A spectrum from feeling vaguely annoyed to me being irresponsible to possible red-flags.

Discussion in 'General Education' started by Backroads, Jul 26, 2020.

  1. Backroads

    Backroads Aficionado

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    Jul 26, 2020

    A update on my life:

    Had my baby about a month ago. She's super cute. I also accepted a new teaching position despite the debate of whether I should just take the year off and all that. On that subject, we went over finances and found it just wasn't going to work out. It sucks, but oh well.

    I accepted a job at a charter school. The salary was very competitive, the charter has an excellent reputation, and it's a new campus they're building. I confess I was excited to be part of a new campus. Because it's a new job, I don't get FMLA, so I'm using the rest of the summer as my "maternity leave".

    And yet... I'm feeling a lot of pressure to work. Yes, it's still summer, no, my contract technically hasn't yet started. I also get that with a brand-new campus, administration wants to get things going and looking good for the start of the year. I'm receiving "checking in" emails, asked about how my classroom set-up is going (it's not), and there's all this highly-suggested training to do on our own.

    I might be just annoyed because not only do I want to enjoy my baby my philosophy is to also avoid lots of schoolwork in the summer. Does this make me irresponsible in this scenario? Or is this a red flag of an overworking culture?
     
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  3. bella84

    bella84 Aficionado

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    You are not being irresponsible. It may be a red flag for what the long term could look like, but it could also just be short term pressure, given that it's a new school.

    If it were me, I would like to think that I'd send a polite response expressing that you are using the summer as an unofficial maternity leave. In that email, I would tactfully state that you do not intend to being setting up your classroom, training, etc. until X date (explicitly state the date in your email). I'd politely request that they only reach out for urgent matters until that time. Make sure it's clear that you'll jump in full force on whatever date you specify (which could be your contract date, or it could even be a week or so earlier - whatever you think makes sense for you).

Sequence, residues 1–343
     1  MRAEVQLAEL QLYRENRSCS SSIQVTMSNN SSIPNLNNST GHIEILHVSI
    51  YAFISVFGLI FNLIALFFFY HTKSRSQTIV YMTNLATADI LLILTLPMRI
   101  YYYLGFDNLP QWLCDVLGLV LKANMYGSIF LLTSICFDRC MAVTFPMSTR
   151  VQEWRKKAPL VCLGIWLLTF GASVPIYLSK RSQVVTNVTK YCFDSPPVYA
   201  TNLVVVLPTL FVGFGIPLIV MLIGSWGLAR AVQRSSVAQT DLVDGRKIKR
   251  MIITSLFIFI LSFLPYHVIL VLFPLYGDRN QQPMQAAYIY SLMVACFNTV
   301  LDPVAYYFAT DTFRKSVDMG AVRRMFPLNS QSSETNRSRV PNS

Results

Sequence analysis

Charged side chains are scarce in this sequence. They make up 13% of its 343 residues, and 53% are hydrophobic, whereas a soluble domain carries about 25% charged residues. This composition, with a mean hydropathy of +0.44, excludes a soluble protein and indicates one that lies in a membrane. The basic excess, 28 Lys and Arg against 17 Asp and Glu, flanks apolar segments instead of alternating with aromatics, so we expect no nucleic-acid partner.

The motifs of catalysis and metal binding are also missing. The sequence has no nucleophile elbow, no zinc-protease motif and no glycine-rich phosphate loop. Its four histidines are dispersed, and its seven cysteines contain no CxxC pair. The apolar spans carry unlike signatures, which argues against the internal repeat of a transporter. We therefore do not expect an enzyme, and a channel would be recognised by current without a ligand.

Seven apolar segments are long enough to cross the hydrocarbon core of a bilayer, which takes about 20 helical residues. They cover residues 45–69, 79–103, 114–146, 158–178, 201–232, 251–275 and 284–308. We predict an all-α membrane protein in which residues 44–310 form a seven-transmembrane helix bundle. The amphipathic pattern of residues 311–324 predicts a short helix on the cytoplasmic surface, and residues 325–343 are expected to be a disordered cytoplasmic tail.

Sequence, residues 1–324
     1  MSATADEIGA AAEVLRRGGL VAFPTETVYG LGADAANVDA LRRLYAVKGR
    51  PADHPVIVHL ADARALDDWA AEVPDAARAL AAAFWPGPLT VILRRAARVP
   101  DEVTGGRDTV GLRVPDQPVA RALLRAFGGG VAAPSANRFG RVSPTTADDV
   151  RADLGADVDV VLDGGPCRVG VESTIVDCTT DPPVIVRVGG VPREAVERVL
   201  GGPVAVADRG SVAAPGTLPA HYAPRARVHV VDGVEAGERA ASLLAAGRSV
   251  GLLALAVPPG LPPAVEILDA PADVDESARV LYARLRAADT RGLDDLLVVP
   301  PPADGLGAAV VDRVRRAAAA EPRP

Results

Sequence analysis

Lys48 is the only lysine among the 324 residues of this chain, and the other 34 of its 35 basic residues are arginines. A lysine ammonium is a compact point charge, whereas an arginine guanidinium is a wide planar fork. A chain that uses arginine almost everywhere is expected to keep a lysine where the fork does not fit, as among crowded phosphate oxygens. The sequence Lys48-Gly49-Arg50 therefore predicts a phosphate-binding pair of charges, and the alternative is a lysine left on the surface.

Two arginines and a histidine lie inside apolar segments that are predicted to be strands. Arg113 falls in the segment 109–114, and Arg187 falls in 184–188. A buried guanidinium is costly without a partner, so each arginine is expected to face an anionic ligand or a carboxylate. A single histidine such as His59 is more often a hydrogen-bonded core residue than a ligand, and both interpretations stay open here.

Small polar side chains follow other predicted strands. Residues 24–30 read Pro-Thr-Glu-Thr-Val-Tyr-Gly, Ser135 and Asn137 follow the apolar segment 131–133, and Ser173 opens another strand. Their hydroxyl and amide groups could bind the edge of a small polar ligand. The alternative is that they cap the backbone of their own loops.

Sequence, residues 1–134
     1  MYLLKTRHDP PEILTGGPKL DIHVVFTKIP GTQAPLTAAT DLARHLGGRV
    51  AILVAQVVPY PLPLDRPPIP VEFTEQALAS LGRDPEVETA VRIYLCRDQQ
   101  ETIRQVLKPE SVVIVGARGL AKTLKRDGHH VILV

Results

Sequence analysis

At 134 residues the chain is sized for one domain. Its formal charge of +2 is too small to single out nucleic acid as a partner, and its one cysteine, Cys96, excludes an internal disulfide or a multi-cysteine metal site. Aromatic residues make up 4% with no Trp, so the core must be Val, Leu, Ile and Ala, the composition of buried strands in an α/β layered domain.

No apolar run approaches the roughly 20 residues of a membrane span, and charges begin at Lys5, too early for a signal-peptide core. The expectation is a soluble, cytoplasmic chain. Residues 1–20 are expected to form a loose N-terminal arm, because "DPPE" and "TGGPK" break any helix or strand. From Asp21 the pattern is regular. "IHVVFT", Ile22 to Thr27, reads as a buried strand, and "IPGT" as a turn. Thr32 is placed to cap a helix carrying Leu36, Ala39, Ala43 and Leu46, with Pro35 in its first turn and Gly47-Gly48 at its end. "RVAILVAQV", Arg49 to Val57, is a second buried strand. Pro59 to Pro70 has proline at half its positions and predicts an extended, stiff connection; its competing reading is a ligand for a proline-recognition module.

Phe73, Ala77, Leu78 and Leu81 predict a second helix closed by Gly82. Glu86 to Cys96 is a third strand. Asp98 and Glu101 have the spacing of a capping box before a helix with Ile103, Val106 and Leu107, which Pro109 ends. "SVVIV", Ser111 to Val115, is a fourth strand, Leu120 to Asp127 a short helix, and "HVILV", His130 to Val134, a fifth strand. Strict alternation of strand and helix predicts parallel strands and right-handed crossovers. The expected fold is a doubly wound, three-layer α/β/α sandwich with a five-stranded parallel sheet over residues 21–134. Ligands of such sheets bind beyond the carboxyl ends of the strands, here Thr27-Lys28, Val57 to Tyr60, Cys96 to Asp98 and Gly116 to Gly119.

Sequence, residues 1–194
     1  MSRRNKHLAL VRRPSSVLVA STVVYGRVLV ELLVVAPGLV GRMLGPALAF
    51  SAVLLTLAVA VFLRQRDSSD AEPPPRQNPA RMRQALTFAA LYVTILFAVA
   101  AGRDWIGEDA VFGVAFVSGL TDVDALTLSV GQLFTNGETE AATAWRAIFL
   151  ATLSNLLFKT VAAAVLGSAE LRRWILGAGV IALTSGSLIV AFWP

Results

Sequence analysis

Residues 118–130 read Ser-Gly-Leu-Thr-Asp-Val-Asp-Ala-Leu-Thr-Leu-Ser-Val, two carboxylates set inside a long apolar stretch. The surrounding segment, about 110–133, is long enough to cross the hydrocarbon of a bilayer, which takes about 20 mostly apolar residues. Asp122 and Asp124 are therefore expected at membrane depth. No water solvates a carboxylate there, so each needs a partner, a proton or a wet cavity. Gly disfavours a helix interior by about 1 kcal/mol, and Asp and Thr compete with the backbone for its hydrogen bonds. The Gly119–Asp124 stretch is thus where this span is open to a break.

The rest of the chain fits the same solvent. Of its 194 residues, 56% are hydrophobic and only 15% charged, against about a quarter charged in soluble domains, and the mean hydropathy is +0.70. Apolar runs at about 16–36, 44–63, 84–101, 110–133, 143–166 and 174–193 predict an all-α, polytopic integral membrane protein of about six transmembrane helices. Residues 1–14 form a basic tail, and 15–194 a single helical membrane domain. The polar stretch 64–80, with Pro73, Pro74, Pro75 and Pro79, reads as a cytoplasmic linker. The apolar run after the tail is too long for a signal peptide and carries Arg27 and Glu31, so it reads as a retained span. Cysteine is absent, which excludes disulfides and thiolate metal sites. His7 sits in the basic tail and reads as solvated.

If that doesn't go over well, then I would definitely see the poor response as a red flag.
     
  4. otterpop

    otterpop Phenom

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    I get really annoyed by summer emails too!
     
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  5. whizkid

    whizkid Groupie

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    And texts and calls too.
     
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  6. Backroads

    Backroads Aficionado

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    You've gotten texts and calls?!
     
  7. catnfiddle

    catnfiddle Moderator

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    Your school term doesn't start for several more weeks. I'm guessing you didn't sign any contracts because charters rarely have them. You have no obligation to do a doggone thing until you set your alarm clock the night before school starts.
     
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  8. bella84

    bella84 Aficionado

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    The charter where I worked had a contract. It clearly stated our state date and salary. It also stated that we were bound to all terms in the employee handbook (that we hadn’t been given yet), that our position/grade-level could be changed, and that our employment could be terminated at any time. My situation was much like the OP’s in that it was a brand new school and working for free over the summer before we opened was expected, despite the official start date on the contract.
     
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  9. Backroads

    Backroads Aficionado

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    I did sign a contract. It spelled out the days I'm expected to work. The earliest date is indeed for for two more weeks.
     
  10. Backroads

    Backroads Aficionado

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    Yup, that's the situation, though we do have our employee handbook (because we have been given everything...) and I still can't find anything about expected summer work (which wouldn't be shocking to sneak into such things).